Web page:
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Demography of squirrel monkeys (Saimiri sciureus) in captive environments and its effect on population growth

Authors

  • Heather S. Zimbler-DeLorenzo,

    Corresponding author
    1. Division of Biology, Alfred University, Alfred, New York
    2. Department of Biological Sciences, Auburn University, Auburn, Alabama
    • One Saxon Drive, Alfred, NY 14802
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  • F. Stephen Dobson

    1. Department of Biological Sciences, Auburn University, Auburn, Alabama
    2. Centre d'Ecologie Fonctionnelle et Evolutive, Centre National de la Recherche Scientifique, Montpellier, France
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Abstract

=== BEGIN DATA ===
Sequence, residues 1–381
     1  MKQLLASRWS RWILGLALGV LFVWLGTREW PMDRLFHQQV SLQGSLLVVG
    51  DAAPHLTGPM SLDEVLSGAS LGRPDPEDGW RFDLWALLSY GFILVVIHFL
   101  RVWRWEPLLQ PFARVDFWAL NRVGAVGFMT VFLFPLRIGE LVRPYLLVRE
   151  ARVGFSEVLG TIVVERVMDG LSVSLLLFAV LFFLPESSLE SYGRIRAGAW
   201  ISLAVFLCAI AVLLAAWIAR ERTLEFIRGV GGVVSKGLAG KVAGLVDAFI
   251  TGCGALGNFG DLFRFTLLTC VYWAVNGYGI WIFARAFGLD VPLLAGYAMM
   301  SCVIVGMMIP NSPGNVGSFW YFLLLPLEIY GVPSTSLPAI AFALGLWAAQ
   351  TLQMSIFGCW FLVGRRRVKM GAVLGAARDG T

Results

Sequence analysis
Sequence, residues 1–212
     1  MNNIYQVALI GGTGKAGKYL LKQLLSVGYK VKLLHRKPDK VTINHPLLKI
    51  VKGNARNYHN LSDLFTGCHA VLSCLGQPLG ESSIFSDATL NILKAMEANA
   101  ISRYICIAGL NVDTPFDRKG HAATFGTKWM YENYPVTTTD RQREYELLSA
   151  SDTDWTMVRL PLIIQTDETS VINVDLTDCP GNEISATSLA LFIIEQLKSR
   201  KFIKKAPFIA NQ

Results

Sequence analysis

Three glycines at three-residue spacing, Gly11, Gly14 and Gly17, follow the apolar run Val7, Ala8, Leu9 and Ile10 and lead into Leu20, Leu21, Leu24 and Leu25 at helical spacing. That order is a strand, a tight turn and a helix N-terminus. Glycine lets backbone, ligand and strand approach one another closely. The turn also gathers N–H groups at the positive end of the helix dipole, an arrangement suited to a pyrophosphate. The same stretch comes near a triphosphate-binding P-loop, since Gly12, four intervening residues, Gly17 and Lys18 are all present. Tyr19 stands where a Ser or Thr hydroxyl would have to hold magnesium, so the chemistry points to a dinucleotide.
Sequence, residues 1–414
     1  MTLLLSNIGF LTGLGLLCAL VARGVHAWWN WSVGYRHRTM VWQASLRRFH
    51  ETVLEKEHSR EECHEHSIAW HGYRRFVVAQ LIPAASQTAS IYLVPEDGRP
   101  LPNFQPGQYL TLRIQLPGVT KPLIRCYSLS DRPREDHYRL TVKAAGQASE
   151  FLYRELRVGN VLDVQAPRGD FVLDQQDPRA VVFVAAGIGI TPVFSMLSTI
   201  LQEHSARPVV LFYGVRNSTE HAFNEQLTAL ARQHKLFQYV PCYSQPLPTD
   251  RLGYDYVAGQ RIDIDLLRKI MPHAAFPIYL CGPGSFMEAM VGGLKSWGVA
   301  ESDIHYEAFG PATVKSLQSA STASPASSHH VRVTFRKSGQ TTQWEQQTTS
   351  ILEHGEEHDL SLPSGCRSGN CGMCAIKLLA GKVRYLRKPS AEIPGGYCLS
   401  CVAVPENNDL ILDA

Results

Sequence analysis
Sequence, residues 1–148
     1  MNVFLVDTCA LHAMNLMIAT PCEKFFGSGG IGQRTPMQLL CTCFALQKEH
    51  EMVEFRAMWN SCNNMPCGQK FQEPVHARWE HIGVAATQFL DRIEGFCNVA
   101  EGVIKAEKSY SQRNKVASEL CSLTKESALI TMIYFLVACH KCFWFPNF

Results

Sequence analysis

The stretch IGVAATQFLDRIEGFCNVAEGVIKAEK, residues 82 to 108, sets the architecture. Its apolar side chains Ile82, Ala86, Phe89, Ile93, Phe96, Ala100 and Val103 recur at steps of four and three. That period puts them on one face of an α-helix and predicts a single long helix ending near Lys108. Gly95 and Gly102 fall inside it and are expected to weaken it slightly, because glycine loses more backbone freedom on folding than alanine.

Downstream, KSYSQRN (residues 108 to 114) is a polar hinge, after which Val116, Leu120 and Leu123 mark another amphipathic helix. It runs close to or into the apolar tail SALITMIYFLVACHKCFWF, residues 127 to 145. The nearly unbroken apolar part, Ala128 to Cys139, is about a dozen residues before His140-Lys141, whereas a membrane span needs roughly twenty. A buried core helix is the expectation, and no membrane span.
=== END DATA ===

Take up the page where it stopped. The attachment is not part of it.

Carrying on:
Understanding which life-history variables have the greatest influence on population growth rate has great ecological and conservation importance. Applying models of population regulation and demographic mechanisms can aid management and conservation of both wild and captive populations. By comparisons of sensitivity, elasticity, and life-table response analyses, we identified demographic processes that were most likely to produce changes in population size (via prospective analyses) and the traits that actually influenced population changes (via retrospective analyses) among sexes, zoological facilities, and generations of captive squirrel monkey populations (Saimiri sciureus). Variation in life-history traits occurs within each group analyzed. Those traits that vary the most include age at maturity, age at last reproduction, and fertility. Zoos with increasing population growth rates maintain earlier ages of maturity, later ages of last reproduction, high rates of juvenile and adult survival, and most importantly greater fertility, reflecting shorter inter-birth intervals. Using prospective analyses, juvenile and adult survivals were predicted to be demographic traits with the greatest effect on population growth. Surprisingly, and despite predictions, retrospective analyses revealed that fertility was the life-history characteristic trait that contributed the most to changes in population size. Am. J. Primatol. 73:1041–1050, 2011. © 2011 Wiley-Liss, Inc.

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